Tag Archives: J.t. nicholas

Author Interview: J.T. Nicholas

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Today I am interviewing J.T. Nicholas, author of the new sci-fi novel, SINdicate, second book in The New Lyon’s sequence.

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DJ: Hi J.T. ! Thanks for agreeing to do this interview!

For readers who aren’t familiar with you, could you tell us a little about yourself?

J.T. Nicholas: Hi, there. Thanks for having me. I never know what to tell people in the “tell me about yourself” section, but here goes. I’m an Army brat (child of a career military family) which means I moved around a lot as a kid and got a bit of a taste for the nomadic lifestyle (I’ve moved, at last count, something like 30+ times in my life). That’s great if you want to be an author, because you get to see lots of different slices of the world, and see how different, and how the same, people are wherever you go. I spent most of my professional life before making the jump to being an author in data analytics, which is exactly as exciting as it sounds. But I’ve always wanted to be an author and as far back as I can remember, have been writing stories of one kind or another. Gotta be honest, it took a long time to get here, and I’m not quite sure I believe it yet. 😊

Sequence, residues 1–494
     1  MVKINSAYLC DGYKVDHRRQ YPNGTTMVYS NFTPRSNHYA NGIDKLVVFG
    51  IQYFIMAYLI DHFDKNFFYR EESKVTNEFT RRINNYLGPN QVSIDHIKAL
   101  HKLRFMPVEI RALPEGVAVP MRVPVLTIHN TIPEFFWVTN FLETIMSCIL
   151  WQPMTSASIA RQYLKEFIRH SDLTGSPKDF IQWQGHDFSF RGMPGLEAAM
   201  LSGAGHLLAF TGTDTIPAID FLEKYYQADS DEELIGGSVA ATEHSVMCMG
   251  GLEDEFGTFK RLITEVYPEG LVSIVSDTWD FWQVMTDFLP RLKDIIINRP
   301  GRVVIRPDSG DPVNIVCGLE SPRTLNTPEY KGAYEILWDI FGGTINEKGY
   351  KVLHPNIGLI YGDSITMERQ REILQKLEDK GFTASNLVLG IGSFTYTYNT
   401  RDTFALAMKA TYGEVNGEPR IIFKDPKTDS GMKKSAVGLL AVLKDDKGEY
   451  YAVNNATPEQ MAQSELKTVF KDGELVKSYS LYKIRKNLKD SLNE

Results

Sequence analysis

DJ: What is SINdicate and then The New Lyon’s sequence about?

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J.T.: I like to think of the entire series as telling two stories. The first is a pretty classic detective whodunnit, but set in a dystopian, cyber-punkish future. The hero, Jason Campbell, is a Detective who is trying to solve a series of serial murders. Only, the victims aren’t human, at least in the law’s eyes, and that’s really what the second story is about. What it means to be human and the complacency that we allow to creep into place that keeps us from standing up against things we know are wrong. And what we can do about it. It’s about murder and investigation and revolution and genocide, too. So, you know… the usual.

DJ: What were some of your influences for The New Lyon’s sequence?

J.T.: A lot of the sci-fi I read as a kid. Isaac Asimov’s Foundation series. A ton of Phillip K. Dick’s work, with obvious homage to Do Androids Dream of Electric Sheep. L.E. Modesitt Jr.’s work. William Gibson. Neal Stephenson. The list is pretty endless. Continue reading

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